Kellie McLean’s staff at the Durham Parks and Recreation Department loves her. Her bosses, not so much. 

In late September, seventeen employees in the DPR’s school-age-care unit sent a letter to city manager Thomas Bonfield, complaining about the “constant eroding of our working conditions, increased hostility, and alarming employee turnover that is having a major impact on the programs we provide to the children we work with.” 

A “central part of this whole situation,” the employees wrote, involved “unjustified criticisms” leveled against McLean, a master program specialist, “primarily by [care program administrator] Danielle Haynes, but also supported and other management.” 

McLean didn’t sign the letter, but she told the INDY last week that Haynes subjected her to harsh discipline, unfair criticism, and unfair personnel evaluations. 

Prior to this year, she says, her evaluations always said that she met or exceeded expectations. But in January, Haynes—who’d been granted additional authority following a 2018 reorganization, said she was “minimally effective.”

Later, after Haynes chastised McLean because one of her staffers didn’t fine a parent who picked up a child late, McLean went to DPR assistant director Joy Guy to complain, both about that and about ten-hour days with no lunch break. 

But Guy, she says, “started yelling at me.”

She filed a complaint. After that, she says, Haynes ordered her to go see human resources. 

“When I asked her why, she said, ‘You’ll find out when you get there,’” McLean says.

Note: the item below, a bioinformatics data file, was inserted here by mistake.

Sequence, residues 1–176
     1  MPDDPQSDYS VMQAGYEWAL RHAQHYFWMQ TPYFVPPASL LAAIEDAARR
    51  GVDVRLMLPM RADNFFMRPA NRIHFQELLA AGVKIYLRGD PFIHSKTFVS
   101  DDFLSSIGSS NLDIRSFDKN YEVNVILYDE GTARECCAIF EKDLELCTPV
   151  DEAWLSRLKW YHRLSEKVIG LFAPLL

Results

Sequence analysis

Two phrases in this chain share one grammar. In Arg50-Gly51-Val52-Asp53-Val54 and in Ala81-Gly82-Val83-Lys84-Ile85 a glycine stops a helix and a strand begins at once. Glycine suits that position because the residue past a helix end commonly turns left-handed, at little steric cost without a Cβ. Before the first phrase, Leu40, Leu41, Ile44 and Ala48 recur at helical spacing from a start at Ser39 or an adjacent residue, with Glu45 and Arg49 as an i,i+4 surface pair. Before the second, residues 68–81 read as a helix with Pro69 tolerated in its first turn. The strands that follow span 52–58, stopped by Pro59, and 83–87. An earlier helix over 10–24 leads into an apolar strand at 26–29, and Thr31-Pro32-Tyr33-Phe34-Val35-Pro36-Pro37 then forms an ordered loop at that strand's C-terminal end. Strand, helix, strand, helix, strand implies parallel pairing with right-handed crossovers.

HR, she says, ordered her to see a psychiatrist. 

“I was told I might harm myself, or might be using drugs or alcohol,” McLean says. “I was being referred to a therapist, and if I did not go, I would be penalized because my supervisor made it mandatory. The therapist said I had a healthy outlook, and I was stressed not by the job, but behind what I had been enduring from Danielle.”

She’s not alone, she says. In the last two years, eleven full-time staff members have quit in a department of three-dozen staffers. 

In response to the INDY’s requests for comment from DPR director Rhonda Parker, city public affairs director Beverly K. Thompson emailed Monday: “This city is still investigating the matter you referenced and, since it is a personnel-related matter, we’re (all involved employees) not at liberty to discuss it.” 

In an email, Bonfield says that although the employees’ letter wasn’t a formal grievance, he forwarded it to Regina Youngblood, the director of human resources. He says the “city takes all complaints and employee concerns related to [a] hostile work environment seriously and fully investigates them,” adding that “there is not any information regarding findings of this investigation to share at this point.”

Dante Strobino, an organizer for UE 150, which represents city employees, says Bonfield is “completely dismissive of the scope of the problem. He is treating each of these cases, impacting over twenty-five workers and hundreds of children, as if it is an individual, one-on-one personnel matter to be solved by human resources.” 

Key to the problem, the workers say, is the city’s grievance policy, which only covers claims related to termination, suspension without pay, or demotion. It does not cover harassment, health and safety issues, employee evaluations, or written warnings.